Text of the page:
Military Names Air Force Judge for Guantánamo Bay 9/11 Trial. But There’s a Snag.

This article was produced in partnership with the Pulitzer Center on Crisis Reporting.

WASHINGTON — Proceedings in the long-delayed trial at Guantánamo Bay, Cuba, of five men accused of plotting the Sept. 11, 2001, attacks hit a new roadblock on Friday when the military assigned an Air Force judge to preside in the case, and war court prosecutors declared the officer unqualified for the job.

The chief of the military commissions named Lt. Col. Matthew N. McCall as the sixth judge to handle the death penalty case since arraignment in 2012. He is a deputy chief circuit judge for the Air Force at Joint Base Langley-Eustis in Virginia but has served less than two years as a military judge, prompting prosecutors to file a protest on Friday night.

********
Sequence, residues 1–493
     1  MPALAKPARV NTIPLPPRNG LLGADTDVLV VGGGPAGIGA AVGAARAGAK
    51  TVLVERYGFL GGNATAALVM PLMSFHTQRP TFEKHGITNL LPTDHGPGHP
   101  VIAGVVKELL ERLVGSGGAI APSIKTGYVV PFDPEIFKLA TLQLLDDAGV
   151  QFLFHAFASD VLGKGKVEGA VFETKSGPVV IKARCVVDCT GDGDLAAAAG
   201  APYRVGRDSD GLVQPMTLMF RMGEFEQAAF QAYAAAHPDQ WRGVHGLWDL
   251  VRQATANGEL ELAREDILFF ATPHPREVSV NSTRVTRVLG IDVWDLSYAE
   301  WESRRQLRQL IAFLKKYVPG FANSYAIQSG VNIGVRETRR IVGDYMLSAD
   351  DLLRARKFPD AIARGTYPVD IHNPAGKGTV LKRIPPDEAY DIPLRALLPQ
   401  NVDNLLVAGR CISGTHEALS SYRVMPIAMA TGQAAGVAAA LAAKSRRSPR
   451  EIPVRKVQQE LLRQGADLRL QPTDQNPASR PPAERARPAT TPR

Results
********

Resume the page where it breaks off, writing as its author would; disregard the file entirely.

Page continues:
“While respectful of Lt. Col. McCall’s military career and achievements, the government does not believe he is qualified to preside over this case based on the information available,” prosecutors wrote in a two-page notice.

The rules for military commissions trials require a judge at the war court to have been a military judge in one of the services for at least two years. The prosecutors added that if Colonel McCall did not recuse himself from the case on his own, they would seek to remove him.

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